The Sonoma Coast



{Looking out the window of our rental onto Bodega Bay}

Part of the beauty of living in the Bay Area of California is that within a few hours in most any direction is a some unique location filled with natural wonders and pristine landscape. Last weekend, Clay and I ventured to the Sonoma Coast for the weekend. We stayed in Bodega Bay (right near the town of Bodega, where Hitchcock’s The Birds takes place & was filmed), and visited the Bodega Head, Freestone (home of the famous and crazy delicious bakery Wild Flour) and Occidental.


{Bodega Head, along the Sonoma Coast Beach, one of the most beautiful stretches of coastline I have ever visited.}


{Fantastic old signage in the town of Bodega}


{We are huge Hitchcock fans so it’s always a treat to visit St. Teresa’s Church in Bodega to see this site from The Birds, along with the schoolhouse, which sits behind it, below)


{The old schoolhouse site from Hitchcock’s The Birds}


{Inside the Bodega General Store, Hitchcock memorabilia all over the walls}


{More from Bodega Head. California’s rocky coastline never fails to take my breath away. What other beach in California has all five star reviews on Yelp?}


{Clay grabbing her own captures of the breathtaking views}


{Pastoral scene in Freestone.}


{I’ve always loved the pink and white stripes of Patrick’s!}


{Dusk on the beach off Highway 1 north of Bodega Bay. The weather last weekend was spectacular.}

We’re launching into another weekend here, and I hope you all have a wonderful one. I’ll be back Monday with the next Recontructionist.


My Nordic Adventure: Icelandic Wishes




Today I’m back with another installation in My Nordic Adventure — a series of drawings and illustrated photographs from a trip I took to Iceland, Sweden, Finland and Denmark in September of 2012.

The day I took this photograph is a day I will never forget. It was the day I really fell in love with Iceland. You can read more about that magical day on Iceland’s The Snaefellsnes Peninsula here.

Also, thank you for all your kind emails, FB & Twitter comments about yesterday’s post. You are kind people and I am very grateful for all your well wishes and support!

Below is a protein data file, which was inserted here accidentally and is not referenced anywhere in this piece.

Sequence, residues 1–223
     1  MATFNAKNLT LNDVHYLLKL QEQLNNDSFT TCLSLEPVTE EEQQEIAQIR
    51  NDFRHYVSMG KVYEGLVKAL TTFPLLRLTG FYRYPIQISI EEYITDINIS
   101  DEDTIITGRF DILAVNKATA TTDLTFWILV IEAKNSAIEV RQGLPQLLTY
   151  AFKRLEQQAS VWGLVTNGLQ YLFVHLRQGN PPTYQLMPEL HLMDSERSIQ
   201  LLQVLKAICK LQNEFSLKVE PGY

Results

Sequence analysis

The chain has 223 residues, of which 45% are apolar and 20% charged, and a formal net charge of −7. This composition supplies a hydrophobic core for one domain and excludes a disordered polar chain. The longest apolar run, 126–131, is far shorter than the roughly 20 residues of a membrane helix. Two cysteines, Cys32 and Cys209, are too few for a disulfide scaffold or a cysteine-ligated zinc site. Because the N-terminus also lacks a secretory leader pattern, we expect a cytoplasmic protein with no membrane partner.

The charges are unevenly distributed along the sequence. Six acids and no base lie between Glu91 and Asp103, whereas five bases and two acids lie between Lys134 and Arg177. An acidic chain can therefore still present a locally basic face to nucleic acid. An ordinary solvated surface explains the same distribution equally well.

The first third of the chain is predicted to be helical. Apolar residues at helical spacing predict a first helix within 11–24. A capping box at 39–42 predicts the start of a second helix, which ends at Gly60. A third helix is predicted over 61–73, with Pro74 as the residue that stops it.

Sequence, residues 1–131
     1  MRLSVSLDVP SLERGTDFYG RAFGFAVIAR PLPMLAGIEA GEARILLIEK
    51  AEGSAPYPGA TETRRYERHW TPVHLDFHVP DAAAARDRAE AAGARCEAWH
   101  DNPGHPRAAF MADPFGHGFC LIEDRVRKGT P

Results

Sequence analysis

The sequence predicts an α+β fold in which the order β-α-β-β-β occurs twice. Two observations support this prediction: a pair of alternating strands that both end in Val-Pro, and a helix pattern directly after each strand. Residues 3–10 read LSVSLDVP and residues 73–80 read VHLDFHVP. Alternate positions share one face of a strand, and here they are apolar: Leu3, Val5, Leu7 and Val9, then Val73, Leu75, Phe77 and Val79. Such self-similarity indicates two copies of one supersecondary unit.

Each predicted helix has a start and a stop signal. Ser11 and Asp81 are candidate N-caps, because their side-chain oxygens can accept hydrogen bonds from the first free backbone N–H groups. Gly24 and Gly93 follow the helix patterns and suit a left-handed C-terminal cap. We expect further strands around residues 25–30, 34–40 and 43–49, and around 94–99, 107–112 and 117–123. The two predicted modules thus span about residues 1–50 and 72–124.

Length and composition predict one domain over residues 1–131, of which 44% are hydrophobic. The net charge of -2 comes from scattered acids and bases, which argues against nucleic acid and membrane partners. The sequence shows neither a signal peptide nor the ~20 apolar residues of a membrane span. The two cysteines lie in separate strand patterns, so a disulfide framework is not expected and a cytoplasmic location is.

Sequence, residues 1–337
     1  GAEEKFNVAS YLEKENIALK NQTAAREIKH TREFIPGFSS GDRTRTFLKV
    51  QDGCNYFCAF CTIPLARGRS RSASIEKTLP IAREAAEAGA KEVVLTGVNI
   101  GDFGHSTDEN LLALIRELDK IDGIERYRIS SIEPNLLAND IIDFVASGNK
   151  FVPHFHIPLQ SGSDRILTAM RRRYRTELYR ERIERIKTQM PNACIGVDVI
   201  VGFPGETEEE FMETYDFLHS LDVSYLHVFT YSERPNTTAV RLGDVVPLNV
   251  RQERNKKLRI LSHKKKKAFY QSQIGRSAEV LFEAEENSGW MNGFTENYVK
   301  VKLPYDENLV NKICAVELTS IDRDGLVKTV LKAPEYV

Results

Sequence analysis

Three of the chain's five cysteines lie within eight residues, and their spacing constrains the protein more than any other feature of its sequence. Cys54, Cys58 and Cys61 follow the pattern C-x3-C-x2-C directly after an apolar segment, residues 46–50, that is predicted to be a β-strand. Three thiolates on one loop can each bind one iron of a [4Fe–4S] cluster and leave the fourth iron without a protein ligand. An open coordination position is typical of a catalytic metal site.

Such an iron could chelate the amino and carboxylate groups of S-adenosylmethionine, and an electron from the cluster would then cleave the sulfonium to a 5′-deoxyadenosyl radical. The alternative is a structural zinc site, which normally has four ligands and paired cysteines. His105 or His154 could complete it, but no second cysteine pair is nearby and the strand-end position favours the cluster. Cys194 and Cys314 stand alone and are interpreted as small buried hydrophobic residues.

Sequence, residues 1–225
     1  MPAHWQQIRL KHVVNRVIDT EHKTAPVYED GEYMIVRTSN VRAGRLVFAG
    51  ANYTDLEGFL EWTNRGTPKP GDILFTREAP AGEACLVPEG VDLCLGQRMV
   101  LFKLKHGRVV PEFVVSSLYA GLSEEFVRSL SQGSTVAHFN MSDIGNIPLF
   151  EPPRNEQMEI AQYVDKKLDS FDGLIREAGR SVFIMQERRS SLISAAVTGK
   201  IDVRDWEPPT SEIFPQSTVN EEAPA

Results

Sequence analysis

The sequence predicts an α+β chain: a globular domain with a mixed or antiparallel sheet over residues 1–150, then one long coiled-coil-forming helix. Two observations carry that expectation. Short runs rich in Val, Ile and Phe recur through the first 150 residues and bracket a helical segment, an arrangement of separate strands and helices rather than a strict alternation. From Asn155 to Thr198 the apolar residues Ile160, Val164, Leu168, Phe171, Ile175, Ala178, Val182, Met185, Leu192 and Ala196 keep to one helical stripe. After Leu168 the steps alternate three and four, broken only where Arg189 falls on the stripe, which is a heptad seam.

Happy Thursday.


Why DOMA Matters




I may be preaching to the choir here. But in case I’m not, in case I have any readers out there who are opposed to allowing gay people to marry, or even on the fence about it, I hope you’ll listen.

You all know I’m gay. If you don’t, you haven’t been reading very carefully here. Anyhow, you also know I’m a regular person with regular hopes and fears and dreams for my future. I write about those hopes and dreams and fears a lot on this blog. Some other things about me you may or may not know: I am 45 years old. I get up every day at 6:30 am and I work until 6:00. Some days I go back to work after dinner. I take a break on most days to swim laps at lunch. My partner’s name is Clay. We’ve been together for almost five years. She gets up at 6 am and works till 5. Sometimes she works after dinner too. I come from a family of five. My parents have been married for almost 50 years. I have an older brother and a younger sister. I am an aunt to three beautiful kids. We all love each other a lot. Before I became a full time artist, I worked in education. I taught elementary school for seven years and then worked for two different non profit organizations that served high poverty public schools. I have a dog and two cats. I love animals. I live in a small house with a big backyard. I shouldn’t eat gluten because it makes me feel terrible, but I love bread so I eat it anyway. Clay and I drive a 2006 Scion. I don’t keep up with the latest music. I spend too much time on Facebook. I want to travel the world. Every Sunday Clay and I plan our meals, make a list and go to the grocery store. That is generally my favorite activity of the week.

Being gay is all I’ve known since as long as I can remember, even when I dated guys in high school and college. Being gay is as regular to me as being straight is to other people. It’s not something I chose, but it’s also not something I would change. I wouldn’t change it because I cannot imagine anything else, or loving another gender. It’s not how I’m wired. I have memories of knowing I was gay as early as 13. I came out when I was 23. That 10 year period was tough. But now, most days, I don’t think about being gay. I just am.

In February of 2012, my partner Clay proposed to me. She took me away for the weekend to the wine country and asked me to marry her. She gave me a ring. It was amazing and romantic. I wrote about it here. We will be married June 1.